In modern day Mexico, a man on the street is supernaturally killed after hearing the eerie sound of a wailing woman. We then arrive at the manor of an upper class family, who are ... See full summary »
When the villagers of Klineschloss start dying of blood loss, the town fathers suspect a resurgence of vampirism. While police inspector Karl remains skeptical, scientist Dr. von Niemann ... See full summary »
Despite advance warning to the police, who seal off the area, The Bat, a master criminal, steals a necklace from the safe in the house of a rich socialite. He leaves a note saying he is going to the country to give the police a rest. Pausing only to rob a bank at Oakdale, he proceeds to terrorise the occupants of a lonely country mansion, in a mixture of thrills, chills and laughs. At the end, an actor steps forward through a proscenium arch and asks the viewers not to reveal the Bat's identity to their friends. A film noir shot in black and white, mainly at night in dimly lit scenes. Written by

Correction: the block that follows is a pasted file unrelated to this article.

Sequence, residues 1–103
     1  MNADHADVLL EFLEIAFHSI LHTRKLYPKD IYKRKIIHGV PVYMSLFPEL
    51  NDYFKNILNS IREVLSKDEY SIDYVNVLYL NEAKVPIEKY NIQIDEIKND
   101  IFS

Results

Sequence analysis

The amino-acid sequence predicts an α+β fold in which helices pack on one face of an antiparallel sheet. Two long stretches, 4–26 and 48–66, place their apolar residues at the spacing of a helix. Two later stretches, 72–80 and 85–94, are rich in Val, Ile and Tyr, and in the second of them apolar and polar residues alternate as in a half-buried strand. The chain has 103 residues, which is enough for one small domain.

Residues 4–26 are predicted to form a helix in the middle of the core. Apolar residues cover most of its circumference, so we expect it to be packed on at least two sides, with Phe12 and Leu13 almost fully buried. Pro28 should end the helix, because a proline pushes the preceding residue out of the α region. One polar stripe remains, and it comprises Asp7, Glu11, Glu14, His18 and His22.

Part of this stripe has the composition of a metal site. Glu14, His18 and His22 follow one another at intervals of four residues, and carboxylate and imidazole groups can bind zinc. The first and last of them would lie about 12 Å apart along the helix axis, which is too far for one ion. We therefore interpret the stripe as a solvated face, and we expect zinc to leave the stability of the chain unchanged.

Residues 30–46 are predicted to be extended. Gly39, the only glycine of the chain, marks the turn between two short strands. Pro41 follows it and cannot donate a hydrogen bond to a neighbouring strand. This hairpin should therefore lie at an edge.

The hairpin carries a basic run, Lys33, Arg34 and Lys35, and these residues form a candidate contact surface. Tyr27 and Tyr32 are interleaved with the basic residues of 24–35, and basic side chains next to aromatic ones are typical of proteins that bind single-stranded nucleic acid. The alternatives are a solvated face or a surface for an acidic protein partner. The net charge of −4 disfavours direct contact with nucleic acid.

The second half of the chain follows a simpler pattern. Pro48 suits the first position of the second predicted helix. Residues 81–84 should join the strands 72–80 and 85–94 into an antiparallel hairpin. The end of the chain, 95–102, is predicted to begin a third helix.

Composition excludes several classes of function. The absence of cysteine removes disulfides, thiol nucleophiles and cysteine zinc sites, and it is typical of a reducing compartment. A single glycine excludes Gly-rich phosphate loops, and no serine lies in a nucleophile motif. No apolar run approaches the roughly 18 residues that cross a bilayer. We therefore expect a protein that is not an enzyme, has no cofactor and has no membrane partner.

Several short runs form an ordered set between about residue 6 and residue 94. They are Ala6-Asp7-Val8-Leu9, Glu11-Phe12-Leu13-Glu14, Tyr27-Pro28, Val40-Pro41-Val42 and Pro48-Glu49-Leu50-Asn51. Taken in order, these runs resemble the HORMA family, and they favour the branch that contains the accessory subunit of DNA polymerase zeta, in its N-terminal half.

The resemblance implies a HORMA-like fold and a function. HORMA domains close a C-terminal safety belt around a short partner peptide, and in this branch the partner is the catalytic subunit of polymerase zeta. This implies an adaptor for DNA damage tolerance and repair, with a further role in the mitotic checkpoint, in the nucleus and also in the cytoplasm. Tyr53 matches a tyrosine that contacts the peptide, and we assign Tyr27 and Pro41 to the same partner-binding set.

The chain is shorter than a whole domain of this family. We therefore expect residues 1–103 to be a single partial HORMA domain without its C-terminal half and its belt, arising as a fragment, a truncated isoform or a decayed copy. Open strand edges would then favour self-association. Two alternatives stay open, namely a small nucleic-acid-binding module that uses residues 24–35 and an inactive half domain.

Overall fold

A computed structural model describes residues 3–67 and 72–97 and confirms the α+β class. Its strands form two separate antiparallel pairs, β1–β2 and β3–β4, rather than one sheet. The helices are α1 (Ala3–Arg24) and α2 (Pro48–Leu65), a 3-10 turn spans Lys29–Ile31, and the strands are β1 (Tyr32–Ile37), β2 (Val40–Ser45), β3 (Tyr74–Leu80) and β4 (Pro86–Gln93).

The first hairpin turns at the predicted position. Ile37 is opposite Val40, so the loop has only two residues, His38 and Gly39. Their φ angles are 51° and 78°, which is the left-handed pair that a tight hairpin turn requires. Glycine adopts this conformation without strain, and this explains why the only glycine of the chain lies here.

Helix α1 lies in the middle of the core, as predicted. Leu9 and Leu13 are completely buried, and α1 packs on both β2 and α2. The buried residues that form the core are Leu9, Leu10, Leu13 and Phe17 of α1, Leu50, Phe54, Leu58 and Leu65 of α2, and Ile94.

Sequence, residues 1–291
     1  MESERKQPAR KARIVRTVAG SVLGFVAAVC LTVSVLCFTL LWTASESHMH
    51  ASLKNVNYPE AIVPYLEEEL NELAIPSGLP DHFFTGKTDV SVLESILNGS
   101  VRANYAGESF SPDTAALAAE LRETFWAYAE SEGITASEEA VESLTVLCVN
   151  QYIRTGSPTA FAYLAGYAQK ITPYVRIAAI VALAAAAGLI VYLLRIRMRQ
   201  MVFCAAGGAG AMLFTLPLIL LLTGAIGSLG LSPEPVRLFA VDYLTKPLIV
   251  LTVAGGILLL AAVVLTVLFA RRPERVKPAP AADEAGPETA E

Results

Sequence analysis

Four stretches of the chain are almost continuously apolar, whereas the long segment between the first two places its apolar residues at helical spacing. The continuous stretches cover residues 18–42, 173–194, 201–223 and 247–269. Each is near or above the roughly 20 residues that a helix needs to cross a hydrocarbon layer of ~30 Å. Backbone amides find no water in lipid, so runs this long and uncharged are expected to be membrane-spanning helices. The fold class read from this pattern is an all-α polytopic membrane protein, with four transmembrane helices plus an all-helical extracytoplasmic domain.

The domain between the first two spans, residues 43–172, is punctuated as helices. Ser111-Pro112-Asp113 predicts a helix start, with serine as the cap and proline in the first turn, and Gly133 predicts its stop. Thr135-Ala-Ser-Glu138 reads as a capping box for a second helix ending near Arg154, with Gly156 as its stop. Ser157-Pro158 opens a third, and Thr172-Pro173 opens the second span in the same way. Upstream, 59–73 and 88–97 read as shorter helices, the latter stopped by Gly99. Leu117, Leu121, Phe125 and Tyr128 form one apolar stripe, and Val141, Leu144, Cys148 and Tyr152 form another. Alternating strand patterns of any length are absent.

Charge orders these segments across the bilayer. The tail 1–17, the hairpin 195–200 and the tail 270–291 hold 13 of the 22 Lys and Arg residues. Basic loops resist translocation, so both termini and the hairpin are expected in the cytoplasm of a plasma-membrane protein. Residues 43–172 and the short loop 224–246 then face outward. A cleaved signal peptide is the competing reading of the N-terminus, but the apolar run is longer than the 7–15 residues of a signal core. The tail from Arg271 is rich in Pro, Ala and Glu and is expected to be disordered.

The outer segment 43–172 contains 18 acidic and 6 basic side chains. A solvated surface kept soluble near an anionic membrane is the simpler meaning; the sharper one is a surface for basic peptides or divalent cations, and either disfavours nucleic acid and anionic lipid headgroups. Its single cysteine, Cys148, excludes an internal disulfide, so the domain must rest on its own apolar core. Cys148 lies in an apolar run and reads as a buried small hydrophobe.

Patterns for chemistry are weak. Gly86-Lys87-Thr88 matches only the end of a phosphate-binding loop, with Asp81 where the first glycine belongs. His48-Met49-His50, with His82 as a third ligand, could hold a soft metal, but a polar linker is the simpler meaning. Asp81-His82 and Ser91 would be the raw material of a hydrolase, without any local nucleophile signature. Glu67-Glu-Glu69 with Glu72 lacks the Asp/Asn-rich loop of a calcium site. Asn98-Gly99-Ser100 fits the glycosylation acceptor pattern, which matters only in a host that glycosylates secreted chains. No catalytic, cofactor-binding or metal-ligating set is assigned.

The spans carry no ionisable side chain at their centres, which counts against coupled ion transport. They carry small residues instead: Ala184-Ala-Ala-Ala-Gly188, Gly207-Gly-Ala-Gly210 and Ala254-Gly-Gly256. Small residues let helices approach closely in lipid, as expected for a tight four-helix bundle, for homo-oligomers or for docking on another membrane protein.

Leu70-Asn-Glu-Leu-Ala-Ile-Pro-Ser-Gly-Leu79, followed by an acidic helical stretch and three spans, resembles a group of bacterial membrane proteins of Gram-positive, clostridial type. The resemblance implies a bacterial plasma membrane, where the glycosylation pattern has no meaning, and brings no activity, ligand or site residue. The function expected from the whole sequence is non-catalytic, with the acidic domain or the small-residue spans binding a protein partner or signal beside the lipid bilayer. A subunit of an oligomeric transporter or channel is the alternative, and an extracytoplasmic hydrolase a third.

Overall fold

Michael Crew <email@example.com>
The special effects were shot in 35mm. Process photography techniques, not optical printing, was used to make the 65mm negatives of this footage. See more »
Mr. Bel is shown to be living where the window is lighted, which is the top floor. When the bat leaves through the window and climbs a rope to the roof he is seen climbing up from below the to floor. See more »
Yes, this film is dated. The acting is beyond hammy; only in the early talkies did movies contain this kind of unabashedly theatrical performing. Just when you think Chester Morris couldn't possibly twist his mouth--or curl his eyebrow--or twirl his finger--in a new way, he surprises you and offers a wholly different mugging expression he hadn't pulled out before. Along with the acting, the genre (the creepy old house with hidden panels etc.) became old hat by 1950. So, all right, this movie is stilted and creaks. However, for a film antiquarian, this motion picture is a joy. Its sets and lighting are breathtaking, and one gathers from it why the play was one of the longest running on Broadway at the time. I'll take it over the Vincent Price remake, THE BAT, anyday and I love Vincent Price.
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